In Syria, more recently, tactical imperatives shaped clandestine trade between virtually all the actors.
Along with the government of Bashar al-Assad, Western-backed rebels and international relief organizations bought oil from the Islamic State terror group. They didn’t have much option, but in effect it meant Western governments were indirectly funding the terror group while at the same time bombing it.
Are there any lessons now from this long history of trading with the enemy? In March, EU High Representative Josep Borrell said: “Sanctions in themselves are not a policy, they are a way of obstructing a conduct.”
But so far Western sanctions have not obstructed Putin waging war on Ukraine.
Russia’s current account is in surplus; the ruble has rebounded to reach its strongest level against the dollar since May 2015, and is in such rude health that the country’s central bank has stepped in to try to weaken it, fearing otherwise it will reduce export competitiveness. Russia’s revenues from oil and gas continue to increase and are predicted to hit $285 billion this year, thanks partly to high volume sales to Asian markets, which make up for the deeply discounted prices Russia has being selling at. Indian dealers have been making large profits selling on the Russian crude oil to Western concerns, according to reports.
The head of Russia’s state-owned gas giant Gazprom, Alexei Miller, noted at the annual St. Petersburg International Economic Forum last month that the European Union may have reduced imports of gas “by several dozen percent,” but prices have risen “several times over.” At the same gathering Putin bragged that the Western idea “was clear: Crush the Russian economy violently,” adding with a smirk: “They did not succeed. Obviously, that didn’t happen.”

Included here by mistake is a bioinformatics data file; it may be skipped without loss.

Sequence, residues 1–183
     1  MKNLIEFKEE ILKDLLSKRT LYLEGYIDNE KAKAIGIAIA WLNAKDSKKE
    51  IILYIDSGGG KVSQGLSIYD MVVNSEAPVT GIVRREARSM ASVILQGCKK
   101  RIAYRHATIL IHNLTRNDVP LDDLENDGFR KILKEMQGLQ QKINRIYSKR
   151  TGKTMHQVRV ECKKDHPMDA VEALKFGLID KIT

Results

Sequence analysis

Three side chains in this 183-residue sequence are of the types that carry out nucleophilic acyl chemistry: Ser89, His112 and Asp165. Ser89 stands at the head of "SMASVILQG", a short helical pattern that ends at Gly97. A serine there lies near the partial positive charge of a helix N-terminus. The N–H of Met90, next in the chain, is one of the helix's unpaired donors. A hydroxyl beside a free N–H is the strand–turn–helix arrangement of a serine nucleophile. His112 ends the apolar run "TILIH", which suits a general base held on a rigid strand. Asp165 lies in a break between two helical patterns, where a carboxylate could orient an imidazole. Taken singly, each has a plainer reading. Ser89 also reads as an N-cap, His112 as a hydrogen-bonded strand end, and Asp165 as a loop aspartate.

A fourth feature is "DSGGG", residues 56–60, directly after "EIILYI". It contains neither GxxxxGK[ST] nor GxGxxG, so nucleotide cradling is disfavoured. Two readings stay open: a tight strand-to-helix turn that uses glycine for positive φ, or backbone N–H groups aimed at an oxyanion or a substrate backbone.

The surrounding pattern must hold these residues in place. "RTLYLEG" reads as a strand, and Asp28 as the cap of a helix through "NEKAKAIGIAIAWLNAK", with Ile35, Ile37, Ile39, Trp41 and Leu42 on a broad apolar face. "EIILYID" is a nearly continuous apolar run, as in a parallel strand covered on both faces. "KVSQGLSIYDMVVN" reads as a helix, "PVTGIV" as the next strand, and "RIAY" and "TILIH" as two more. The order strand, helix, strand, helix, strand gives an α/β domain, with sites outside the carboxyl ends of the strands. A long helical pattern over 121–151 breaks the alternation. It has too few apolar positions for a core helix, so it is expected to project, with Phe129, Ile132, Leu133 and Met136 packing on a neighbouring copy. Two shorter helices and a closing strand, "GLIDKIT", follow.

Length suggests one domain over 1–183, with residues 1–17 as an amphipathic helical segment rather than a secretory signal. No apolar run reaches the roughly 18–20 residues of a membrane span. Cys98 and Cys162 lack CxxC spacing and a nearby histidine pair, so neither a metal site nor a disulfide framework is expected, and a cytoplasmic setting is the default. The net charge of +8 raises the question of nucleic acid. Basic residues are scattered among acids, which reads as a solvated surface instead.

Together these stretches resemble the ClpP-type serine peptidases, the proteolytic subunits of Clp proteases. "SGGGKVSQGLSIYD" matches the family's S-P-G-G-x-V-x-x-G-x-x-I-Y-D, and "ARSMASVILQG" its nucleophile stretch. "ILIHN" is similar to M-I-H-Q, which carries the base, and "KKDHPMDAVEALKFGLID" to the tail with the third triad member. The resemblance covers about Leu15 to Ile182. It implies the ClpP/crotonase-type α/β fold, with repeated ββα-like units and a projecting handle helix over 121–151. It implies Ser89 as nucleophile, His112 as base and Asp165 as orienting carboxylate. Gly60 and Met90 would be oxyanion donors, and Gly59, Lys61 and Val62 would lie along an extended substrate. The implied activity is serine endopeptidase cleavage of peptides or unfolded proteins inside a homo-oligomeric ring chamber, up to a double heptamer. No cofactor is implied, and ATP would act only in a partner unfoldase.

Meanwhile, soaring energy prices are compounding a serious cost-of-living squeeze for Western households, fueling inflation. Price growth in the eurozone hit a record high of 8.6 percent in the year to June, thanks partly to a sharp acceleration of energy and food prices because of sanctions and the supply disruptions caused by Russia’s invasion of Ukraine.
No one doubts there will be lasting harm to Russia’s economy from sanctions. Russia’s industrial production dropped by 1.7 percent year-on-year in May. Some sectors have been devastated. Car production has plunged 96.7 percent compared with 2021. Retail confidence has been shattered. And there will be severe lost economic opportunities from the estimated 300,000 Russians who’ve fled and chosen political exile, many of them IT workers.
But there are no bread riots. Russia’s food stores and supermarkets remain well-stocked. The country long ago became adept at import substitution, schooled by the waves of sanctions that have hit it since the Kremlin’s illegal 2014 annexation of Crimea.
And then there are always ways of finding goods via clandestine smuggling networks for those with the cash to get their hands on some prized Western product. But then most ordinary Russians have never had the wherewithal to splash out on Western luxury goods anyway and continue to live the gray, cramped existence they did before Putin’s overseas adventures.
Some Western officials argue sanctions will start impacting Putin’s ability to wage war soon — as parts for tanks and microchips for other advanced weaponry run out. But will that happen before European householders lose patience?
Fighting the war smartly doesn’t mean Europe turning itself into “that silly old man with a walking stick,” which was Adolf Hitler’s derisive description of the appeaser Neville Chamberlain, but sanctioning Russian energy may not have been such a clever move.